Managing the Risks of Medical Bankruptcies and Retirement Planning


People planning for retirement, along with financial professionals who do retirement planning, should incorporate the risk of medical bankruptcies into contingencies as the Trump administration moves to shift more medical treatment costs to individuals as part of their new conservative policy regime.

Bankruptcies due to medical costs are widely cited as being the greatest cause of all bankruptcies.  According to the American Journal of Medicine blog, 2009, 62% of all bankruptcies had some medical reason.

The site said the average medical bill for those who went bankrupt was about $18,000. This was about $27,000 for people without health insurance and $18,000 for those with private health insurance.

Yet, with the passage of the Affordable Care Act, the percentage of people declaring bankruptcies has not declined significantly. The possible reasons:

  • Health care in the U.S. is the most expensive in the world, but the average American between 32 and 37 has just $500 in savings, while people aged 56 to 61 have $17,000 in savings.   Another 2016 GOBankingRates survey, found that  69% of Americans had under $1,000 in their savings accounts.  Even worse, 34% have no savings at all.  So, depending on the illness and related medical and drug expenses, combined with lost income, it is not difficult to see a scenario in which a family could be wiped out with a significant medical bill. I remember one divorced woman I interviewed with a six-figure income but was changing jobs. In this interim period, she was uninsured, and she also had the misfortune to have a son who broke his leg and had complications. The resulting medical bills sustained over that weekend wiped out her savings.
  • A 2016 New York Times and Kaiser Family Foundation study found that 20% of those under age 65 had trouble paying their medical bills in 2015. In contrast, 53% of people without insurance said they had difficulty paying their medical bills over the past year.
  • Wage stagnation also plays a role in paying any significant bill. While the good news is that median incomes grew faster in 2015 than at any point on record—up 5.5% over 2014—according to a report from the Census Bureau, medical costs have risen faster than wages. And while that is good news, from a longer perspective, median incomes in 2015 were still lower than in 2007.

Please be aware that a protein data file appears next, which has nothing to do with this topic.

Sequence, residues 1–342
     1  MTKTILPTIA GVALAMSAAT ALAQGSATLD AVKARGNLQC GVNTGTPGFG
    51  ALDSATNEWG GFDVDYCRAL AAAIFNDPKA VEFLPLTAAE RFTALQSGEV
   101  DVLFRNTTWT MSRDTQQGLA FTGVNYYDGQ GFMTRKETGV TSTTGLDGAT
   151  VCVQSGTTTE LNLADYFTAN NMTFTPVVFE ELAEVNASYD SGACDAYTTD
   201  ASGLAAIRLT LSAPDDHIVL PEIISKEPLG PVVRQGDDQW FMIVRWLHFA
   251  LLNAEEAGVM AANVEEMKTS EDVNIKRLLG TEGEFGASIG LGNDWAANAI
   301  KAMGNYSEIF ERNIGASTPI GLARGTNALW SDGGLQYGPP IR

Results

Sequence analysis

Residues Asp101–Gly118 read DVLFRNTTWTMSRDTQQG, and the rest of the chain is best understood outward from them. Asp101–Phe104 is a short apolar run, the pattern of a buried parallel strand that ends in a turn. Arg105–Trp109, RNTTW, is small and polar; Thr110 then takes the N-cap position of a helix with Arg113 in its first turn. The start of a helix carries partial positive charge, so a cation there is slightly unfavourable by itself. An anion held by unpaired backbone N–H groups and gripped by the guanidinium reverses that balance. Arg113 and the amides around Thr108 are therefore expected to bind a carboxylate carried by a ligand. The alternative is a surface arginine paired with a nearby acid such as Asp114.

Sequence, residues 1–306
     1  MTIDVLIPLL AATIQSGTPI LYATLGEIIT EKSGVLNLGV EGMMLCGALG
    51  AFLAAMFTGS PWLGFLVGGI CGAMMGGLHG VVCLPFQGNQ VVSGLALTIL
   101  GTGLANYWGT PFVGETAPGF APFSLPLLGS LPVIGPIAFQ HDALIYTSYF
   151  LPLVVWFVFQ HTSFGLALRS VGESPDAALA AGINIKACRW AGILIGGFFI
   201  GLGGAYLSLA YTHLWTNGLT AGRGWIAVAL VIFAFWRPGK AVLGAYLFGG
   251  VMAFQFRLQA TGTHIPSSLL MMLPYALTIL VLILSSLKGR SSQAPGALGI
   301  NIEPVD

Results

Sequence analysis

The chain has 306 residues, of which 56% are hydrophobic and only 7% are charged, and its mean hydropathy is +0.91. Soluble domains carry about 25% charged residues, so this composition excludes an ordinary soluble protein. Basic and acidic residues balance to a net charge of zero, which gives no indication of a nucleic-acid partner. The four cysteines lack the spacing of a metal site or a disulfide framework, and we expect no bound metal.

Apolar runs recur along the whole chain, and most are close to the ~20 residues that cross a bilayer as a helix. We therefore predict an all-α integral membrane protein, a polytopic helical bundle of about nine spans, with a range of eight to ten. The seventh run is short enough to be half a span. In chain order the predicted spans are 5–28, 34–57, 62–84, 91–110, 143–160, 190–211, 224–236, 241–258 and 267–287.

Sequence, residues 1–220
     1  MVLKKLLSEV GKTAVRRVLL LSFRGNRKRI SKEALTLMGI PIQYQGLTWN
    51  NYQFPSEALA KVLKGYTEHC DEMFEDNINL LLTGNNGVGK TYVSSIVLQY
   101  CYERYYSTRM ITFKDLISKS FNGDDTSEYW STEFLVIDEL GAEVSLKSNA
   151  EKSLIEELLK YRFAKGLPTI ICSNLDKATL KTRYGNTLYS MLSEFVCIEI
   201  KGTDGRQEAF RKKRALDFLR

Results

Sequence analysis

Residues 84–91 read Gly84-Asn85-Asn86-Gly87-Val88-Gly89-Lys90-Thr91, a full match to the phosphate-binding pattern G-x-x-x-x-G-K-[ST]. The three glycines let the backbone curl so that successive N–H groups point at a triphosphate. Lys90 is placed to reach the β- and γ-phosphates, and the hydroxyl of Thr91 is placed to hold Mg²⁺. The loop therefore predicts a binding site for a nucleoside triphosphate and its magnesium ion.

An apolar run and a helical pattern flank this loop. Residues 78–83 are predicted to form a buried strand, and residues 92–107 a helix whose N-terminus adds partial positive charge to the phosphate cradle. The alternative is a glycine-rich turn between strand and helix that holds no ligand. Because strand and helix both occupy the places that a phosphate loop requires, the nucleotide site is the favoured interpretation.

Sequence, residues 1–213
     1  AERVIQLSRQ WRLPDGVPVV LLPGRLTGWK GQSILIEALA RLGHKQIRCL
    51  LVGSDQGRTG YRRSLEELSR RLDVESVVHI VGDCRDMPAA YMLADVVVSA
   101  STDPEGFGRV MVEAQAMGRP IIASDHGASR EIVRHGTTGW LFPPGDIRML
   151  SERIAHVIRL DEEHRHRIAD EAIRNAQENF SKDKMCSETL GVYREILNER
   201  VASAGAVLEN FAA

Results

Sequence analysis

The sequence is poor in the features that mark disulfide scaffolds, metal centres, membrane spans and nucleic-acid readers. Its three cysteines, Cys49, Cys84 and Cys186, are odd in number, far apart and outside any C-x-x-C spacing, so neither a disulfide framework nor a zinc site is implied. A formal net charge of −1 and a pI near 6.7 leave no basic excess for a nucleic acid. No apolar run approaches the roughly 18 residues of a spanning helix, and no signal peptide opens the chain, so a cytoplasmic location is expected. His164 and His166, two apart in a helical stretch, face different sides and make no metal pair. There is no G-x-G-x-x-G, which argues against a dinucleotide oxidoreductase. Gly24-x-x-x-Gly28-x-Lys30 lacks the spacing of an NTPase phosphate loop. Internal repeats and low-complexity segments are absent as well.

• Other reasons include confusion about insurance plans, being underinsured for significant illnesses, inadequate work coverage, and health plans that cherry-pick what they cover. If Republicans want to revoke the coverage for pre-existing conditions now covered by the Affordable Care Act, it could open the gates to more huge bills that individuals must shoulder, thus increasing the risk of bankruptcy.
  • There is a lack of competition among private healthcare insurance companies, HMOs, and PPOs in providing competitive rates and coverage. In the confirmation hearings for the Secretary of Health and Human Services, the discussion barely centered on how insurance companies are essentially anti-competitive and are ruled by their actuarial tables to avoid high-cost risks (meaning people) while collecting the largest premiums possible.

Uncertain Times and a Bad Omen Ahead

While the Trump Administration is focused on revoking the Affordable Care Act, they have no

Medical bankruptcies rising?

Comprehensive replacement even after saying they would revoke it six years ago when it was passed. Still, the Republicans’ promises that they could do everything from replacing select portions of the Affordable Care Act to privatizing Social Security and Medicare while turning over key portions of the health care programs to the states, which certainly do not have the funds to pay for them, add to this huge risk. And it looks like all of this will happen even though many Republicans call themselves “compassionate conservatives.”

All this leaves the most significant source of personal bankruptcies at center stage as the uncertainty continues. Anyone planning for retirement, including financial planners, should consider this risk scenario. Letting it go unnoticed is risky in a very uncertain economic times.